Keywords : Primary health care

Knowledge and practice of adults attending primary health care centers regarding major coronary heart disease risk factors in Basrah city

Jhood Abdul Samad Molan; Narjis Ajeel

The Medical Journal of Basrah University, 2020, Volume 38, Issue 1, Pages 89-99
DOI: 10.33762/mjbu.2020.165441

Introduction: Cardiovascular diseases (CVDs) are common in the general population, affecting the majority of adults past the age of 60 years. The prevalence of coronary heart disease (CHD) is approximately one-third to one-half that of total CVD. Knowledge of CHD risk factors has been identified as a prerequisite for changes in behavior and is often targeted by prevention programs.
Objective: The study aimed to study the knowledge of risk factors and the practice of CHD related behaviors among individuals > 18 years of age attending PHC centers in Basrah city center and to find out the sociodemographic factors that affect such knowledge and practice.
Methods: The study involved 423 male and female aged 18 years and above, attending 6 primary health care centers in Basrah city. Data were collected through direct interview of the participants by the investigators, using a special questionnaire form prepared for the purpose of the study.
Results: The results of the study showed that 77.3% of the participants had good level of knowledge (know at least 7 risk factors).  The most common knowledgeable risk factors by the participants were stress, smoking, fatty diet and obesity in descending order. Older age groups, high educated persons, governmental employees and participants with history of coronary heart disease related illness were more likely to have higher knowledge score. Practicing diet modification and regular exercise were prevalent in 23.5% and 12.8% of the participants respectively.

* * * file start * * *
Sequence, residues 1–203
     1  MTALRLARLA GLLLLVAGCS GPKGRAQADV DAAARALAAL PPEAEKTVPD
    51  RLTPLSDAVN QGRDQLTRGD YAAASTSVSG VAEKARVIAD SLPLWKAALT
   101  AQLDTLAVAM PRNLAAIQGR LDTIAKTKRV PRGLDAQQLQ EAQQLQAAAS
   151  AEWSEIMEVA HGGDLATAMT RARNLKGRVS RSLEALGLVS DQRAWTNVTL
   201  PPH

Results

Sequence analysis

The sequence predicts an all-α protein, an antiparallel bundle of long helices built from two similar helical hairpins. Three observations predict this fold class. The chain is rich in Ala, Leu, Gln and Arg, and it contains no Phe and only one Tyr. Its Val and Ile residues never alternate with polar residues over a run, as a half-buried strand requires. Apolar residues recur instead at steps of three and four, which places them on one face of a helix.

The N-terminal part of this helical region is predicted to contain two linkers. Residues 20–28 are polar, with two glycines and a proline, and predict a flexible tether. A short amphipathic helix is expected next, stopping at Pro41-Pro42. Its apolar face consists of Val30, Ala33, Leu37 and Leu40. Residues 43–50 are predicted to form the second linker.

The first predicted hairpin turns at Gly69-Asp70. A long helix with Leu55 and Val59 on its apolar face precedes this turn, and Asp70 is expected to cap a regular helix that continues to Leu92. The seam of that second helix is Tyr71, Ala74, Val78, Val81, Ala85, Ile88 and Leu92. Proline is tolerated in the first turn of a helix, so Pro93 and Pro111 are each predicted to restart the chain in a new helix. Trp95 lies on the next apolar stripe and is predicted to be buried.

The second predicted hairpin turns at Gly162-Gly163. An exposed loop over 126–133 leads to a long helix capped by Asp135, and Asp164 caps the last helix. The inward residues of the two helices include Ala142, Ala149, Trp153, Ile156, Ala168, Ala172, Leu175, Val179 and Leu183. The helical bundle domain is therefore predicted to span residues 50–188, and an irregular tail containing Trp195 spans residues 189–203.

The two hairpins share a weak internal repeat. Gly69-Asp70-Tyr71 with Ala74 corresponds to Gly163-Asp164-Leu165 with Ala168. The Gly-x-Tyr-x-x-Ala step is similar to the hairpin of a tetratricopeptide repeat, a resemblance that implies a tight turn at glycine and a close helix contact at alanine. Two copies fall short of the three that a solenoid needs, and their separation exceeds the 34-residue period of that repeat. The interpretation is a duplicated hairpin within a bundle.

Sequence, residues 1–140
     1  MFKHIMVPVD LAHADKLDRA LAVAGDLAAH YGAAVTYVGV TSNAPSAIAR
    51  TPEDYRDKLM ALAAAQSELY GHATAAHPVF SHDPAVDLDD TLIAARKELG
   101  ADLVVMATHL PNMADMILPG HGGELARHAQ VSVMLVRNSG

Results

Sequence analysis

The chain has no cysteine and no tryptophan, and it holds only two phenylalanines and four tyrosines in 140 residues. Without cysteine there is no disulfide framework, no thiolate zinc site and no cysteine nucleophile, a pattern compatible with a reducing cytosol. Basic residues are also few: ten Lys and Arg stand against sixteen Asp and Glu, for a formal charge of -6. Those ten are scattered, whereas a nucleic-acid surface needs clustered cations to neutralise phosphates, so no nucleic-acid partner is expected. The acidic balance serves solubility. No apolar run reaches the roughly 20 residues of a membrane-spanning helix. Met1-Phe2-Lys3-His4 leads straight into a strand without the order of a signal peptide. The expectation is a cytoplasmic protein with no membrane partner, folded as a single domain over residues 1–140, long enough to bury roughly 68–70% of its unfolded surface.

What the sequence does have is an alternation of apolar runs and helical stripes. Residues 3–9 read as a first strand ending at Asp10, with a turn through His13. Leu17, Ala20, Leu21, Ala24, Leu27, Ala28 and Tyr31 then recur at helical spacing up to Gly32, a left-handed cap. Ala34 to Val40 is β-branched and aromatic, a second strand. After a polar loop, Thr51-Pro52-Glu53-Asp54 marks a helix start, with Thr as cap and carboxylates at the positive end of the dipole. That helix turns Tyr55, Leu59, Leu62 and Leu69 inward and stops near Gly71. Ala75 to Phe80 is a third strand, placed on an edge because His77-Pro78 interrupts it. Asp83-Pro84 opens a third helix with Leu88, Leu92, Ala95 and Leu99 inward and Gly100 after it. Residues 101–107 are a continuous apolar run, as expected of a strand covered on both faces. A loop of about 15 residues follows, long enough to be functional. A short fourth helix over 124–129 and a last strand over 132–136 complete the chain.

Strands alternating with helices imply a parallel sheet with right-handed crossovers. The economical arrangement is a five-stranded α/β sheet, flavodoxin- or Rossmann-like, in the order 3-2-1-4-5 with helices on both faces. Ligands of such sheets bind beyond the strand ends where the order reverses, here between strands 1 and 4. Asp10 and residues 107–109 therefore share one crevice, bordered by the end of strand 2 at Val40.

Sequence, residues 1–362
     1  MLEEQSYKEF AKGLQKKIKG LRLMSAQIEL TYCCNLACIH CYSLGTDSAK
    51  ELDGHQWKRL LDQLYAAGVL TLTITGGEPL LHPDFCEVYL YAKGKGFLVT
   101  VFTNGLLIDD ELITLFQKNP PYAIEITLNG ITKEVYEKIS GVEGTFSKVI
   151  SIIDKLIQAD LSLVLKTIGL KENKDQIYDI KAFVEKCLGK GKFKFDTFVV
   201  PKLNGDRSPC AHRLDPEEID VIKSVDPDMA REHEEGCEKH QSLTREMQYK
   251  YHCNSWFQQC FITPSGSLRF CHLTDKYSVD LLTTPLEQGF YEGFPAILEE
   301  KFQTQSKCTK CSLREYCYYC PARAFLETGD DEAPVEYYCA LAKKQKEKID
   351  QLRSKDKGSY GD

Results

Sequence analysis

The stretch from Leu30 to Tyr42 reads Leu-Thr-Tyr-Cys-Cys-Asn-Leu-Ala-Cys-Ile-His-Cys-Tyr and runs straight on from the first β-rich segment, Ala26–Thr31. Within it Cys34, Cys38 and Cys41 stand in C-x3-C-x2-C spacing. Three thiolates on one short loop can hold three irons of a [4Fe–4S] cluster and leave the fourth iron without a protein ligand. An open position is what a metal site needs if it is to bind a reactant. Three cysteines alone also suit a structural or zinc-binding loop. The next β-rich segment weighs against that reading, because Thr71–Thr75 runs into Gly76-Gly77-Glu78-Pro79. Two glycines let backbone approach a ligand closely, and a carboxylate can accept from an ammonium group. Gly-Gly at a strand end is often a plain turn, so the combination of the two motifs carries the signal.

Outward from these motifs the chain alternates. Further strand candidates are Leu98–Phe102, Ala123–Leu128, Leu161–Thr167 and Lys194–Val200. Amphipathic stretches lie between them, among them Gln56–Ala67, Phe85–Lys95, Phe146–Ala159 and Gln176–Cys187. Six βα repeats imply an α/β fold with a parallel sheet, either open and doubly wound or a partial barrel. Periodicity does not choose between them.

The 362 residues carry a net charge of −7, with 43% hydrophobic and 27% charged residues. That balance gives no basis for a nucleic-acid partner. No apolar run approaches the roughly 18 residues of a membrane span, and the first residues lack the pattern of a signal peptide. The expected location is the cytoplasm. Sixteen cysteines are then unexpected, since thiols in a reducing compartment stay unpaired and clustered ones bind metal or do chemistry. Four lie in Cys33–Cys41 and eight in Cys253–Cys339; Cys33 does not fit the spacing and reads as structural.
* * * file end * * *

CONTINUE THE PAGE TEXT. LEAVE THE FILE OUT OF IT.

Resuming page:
Conclusions: The knowledge level of risk factors for CHD in selected PHC centers in Basrah seems to be good, however, the practice of CHD preventive behaviors was quite poor, this necessitates the need for public health education programs.

Measuring the level of patient's satisfaction for those attending primary health centers versus family medicine centers in Basrah governorate

Riyadh Al Hilfi; Rajaa A Mahmoud; Nihad Q Al Hamadi

The Medical Journal of Basrah University, 2019, Volume 37, Issue 2, Pages 74-80
DOI: 10.33762/mjbu.2019.163357

Background: Patient satisfaction is defined as the total judgments made by the recipient of a healthcare as to whether -or not- their expectations have been met. It is an important measure of healthcare quality as it offers information on the provider’s success to meet the clients’ expectations.The Study Objectives: The study aimed at measuring patient's satisfaction in primary health centers of Basrah governorate with a comparison between primary health centers that follow family medicine strategy versus general primary health centers.Methodology: It's a cross sectional study involved patients attended primary health care centers in Basrah governorate during June 2016.Standard check lists and questionnaires from Iraqi Ministry of Health were used to measure five main indicators of patient satisfaction including: appearance, credibility, responsiveness, security and empathy with a four likert scale to measure the satisfaction of patient. A total sample included 456 patients. Results: The lowest Cronbach's coefficient alpha value was found by the study to be in the "general appearance" dimension which included the general infrastructural appearance of the health facility with appropriate waiting areas for the attendees, cleanliness and lighting of the facility in addition to the general look and appearance of the health workers and service providers. While “assurance” dimensions shows the highest percentage of satisfaction. In addition, no significant difference was revealed for the chosen satisfactory dimensions between the health care centers providing family-medicine services compared to those with no family-medicine ones.Conclusions: The study remarks important weaknesses in some of the patient satisfactory dimensions including general appearance, responsiveness, apathy and assurance. However, it provides an evidence of having no significant difference for the chosen satisfactory dimensions between the health care centers providing family-medicine services compared to those with no family-medicine ones.